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Mousse 73
Psychic Time of Handicraft: ektor garcia

Craft has historically found itself thrust into heated disputes relating to the materiality of gendered and racialized labor. More recently, it’s found new currency in the art world, which in turn has developed a proclivity for reducing its makers to simple tropes of identity. In his practice, ektor garcia wrestles with these stratified positions of production with a restless poetry that defies fixed meanings, whether formal or subjective.

Courtesy: the artist and Cooper Cole, Toronto. Photo: Maris Hutchinson / EPW Studio
Mousse 73
Pour la forme: Matt Paweski

For sheer sanguineness, attention to detail, and preternatural craft, the sculpture of Los Angeles-based artist Matt Paweski is tough to beat—at once familiar and yet perfectly strange, if not a little uncanny. The familiarity of the work resides largely in its relationship to utilitarian design, either product or urban, and the sense that what he makes has some kind of function, however unfathomable. For upon first glance, Paweski’s sculptures are evocative of everything from a Cuisinart to a high-end espresso machine to a sort of elaborate industrial tool as seen through the perspective of Constructivism and the table-size works of the late Anthony Caro. But the closer you look, the more inscrutable and absorbingly useless they become—à la Marcel Duchamp or Bruno Munari. This specious impression of utility is aided by the product-line precision with which the works are fashioned, and their seemingly domestic scale. They appear machine-made, but they are for the most part painstakingly handcrafted and painted by the artist himself. Thus they are doubly duplicitous in their artful will to mislead us down a rabbit hole of form, function, and detail.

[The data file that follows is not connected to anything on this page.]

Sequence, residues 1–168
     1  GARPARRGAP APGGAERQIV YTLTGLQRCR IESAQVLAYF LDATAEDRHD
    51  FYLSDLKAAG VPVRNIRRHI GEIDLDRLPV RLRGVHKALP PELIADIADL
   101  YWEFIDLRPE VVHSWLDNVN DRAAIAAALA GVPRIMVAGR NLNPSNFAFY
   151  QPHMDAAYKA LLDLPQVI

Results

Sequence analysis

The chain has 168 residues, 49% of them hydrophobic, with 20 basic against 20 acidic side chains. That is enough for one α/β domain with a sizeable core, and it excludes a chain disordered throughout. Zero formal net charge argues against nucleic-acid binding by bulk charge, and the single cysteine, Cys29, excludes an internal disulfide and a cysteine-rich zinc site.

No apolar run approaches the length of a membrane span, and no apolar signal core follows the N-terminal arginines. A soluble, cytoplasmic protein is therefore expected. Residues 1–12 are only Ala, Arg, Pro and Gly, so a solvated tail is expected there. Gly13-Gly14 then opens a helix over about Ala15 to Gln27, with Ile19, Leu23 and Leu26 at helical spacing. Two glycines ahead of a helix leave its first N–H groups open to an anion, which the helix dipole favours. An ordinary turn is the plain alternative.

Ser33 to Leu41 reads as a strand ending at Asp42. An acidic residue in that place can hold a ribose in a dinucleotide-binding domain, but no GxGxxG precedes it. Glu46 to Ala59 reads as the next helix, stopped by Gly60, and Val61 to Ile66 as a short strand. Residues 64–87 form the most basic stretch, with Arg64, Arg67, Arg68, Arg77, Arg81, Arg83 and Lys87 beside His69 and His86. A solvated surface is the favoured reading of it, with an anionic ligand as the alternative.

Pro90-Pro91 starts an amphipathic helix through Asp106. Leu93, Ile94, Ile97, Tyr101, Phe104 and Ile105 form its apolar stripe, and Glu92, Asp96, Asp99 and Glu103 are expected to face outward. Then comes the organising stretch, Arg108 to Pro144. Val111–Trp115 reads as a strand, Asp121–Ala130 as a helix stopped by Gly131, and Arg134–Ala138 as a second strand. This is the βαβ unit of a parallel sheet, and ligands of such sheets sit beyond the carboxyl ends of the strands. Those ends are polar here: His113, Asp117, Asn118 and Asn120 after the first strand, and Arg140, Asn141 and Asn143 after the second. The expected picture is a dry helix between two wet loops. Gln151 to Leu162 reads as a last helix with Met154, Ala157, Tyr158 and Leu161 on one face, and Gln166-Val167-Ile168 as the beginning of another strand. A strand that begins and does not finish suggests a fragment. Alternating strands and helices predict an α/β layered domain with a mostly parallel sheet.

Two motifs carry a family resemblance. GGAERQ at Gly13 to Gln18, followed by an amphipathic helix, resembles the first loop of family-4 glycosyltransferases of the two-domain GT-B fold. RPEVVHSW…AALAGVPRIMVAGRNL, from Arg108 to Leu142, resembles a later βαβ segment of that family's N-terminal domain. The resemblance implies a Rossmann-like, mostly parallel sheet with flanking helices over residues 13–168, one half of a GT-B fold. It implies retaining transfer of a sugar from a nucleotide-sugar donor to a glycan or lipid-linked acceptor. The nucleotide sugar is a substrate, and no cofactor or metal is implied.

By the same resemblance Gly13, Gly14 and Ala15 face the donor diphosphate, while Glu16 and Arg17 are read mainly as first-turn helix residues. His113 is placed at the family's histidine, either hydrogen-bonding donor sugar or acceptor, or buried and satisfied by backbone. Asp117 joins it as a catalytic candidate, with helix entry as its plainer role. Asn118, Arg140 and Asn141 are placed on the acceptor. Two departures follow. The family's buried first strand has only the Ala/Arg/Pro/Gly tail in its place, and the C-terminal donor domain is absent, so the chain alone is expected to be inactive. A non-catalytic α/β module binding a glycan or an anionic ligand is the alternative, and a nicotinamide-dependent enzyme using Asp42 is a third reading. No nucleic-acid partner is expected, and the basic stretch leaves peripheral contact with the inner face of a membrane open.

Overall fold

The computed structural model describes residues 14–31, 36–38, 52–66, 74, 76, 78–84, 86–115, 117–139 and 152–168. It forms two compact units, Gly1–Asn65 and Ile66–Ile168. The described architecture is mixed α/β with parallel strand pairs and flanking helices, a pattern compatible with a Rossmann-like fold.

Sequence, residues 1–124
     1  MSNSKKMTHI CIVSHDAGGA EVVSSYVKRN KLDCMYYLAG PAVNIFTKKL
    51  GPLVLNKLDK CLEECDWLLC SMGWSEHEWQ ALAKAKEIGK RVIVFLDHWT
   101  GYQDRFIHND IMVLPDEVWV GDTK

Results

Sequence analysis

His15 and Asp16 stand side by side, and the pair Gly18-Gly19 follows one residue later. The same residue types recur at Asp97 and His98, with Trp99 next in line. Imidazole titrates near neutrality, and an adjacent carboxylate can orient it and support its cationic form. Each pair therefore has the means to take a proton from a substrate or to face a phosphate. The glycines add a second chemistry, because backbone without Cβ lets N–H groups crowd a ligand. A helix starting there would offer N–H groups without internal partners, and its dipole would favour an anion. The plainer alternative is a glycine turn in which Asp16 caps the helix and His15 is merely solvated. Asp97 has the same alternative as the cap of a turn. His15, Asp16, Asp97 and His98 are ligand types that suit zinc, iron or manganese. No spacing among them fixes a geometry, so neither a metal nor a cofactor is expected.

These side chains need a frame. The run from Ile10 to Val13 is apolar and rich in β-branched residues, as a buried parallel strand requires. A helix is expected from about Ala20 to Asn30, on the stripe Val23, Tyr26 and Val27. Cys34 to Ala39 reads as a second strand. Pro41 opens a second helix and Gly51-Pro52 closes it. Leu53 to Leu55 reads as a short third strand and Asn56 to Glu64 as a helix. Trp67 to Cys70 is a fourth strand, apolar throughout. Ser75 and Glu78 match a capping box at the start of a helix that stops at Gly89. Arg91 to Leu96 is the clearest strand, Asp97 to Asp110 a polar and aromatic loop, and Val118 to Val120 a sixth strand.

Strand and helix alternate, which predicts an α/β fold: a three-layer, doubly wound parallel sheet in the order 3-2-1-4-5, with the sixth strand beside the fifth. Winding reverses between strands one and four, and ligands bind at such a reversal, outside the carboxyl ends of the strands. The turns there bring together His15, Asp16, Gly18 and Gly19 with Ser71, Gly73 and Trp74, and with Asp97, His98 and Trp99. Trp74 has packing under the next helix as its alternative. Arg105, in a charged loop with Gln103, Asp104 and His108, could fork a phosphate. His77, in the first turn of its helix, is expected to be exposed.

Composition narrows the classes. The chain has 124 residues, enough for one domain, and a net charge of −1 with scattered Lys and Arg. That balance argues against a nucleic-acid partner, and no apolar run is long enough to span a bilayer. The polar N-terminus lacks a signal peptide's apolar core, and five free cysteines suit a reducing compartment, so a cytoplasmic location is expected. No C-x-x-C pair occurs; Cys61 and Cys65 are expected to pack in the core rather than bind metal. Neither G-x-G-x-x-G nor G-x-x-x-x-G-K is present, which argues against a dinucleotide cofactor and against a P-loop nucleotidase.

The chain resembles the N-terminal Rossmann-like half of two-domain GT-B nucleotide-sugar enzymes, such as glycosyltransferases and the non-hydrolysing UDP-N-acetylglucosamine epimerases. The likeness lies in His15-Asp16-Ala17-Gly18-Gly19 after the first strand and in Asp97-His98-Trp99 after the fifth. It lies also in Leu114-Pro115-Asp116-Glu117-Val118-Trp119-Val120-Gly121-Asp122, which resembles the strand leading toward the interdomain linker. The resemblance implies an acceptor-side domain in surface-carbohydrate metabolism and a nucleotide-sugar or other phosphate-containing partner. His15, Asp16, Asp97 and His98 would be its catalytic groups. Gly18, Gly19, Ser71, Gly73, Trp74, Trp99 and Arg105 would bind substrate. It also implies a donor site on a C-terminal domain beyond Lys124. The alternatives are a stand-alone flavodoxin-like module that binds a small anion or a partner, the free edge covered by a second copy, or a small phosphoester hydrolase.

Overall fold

Courtesy: the artist and Herald St, London. Photo: Andy Keate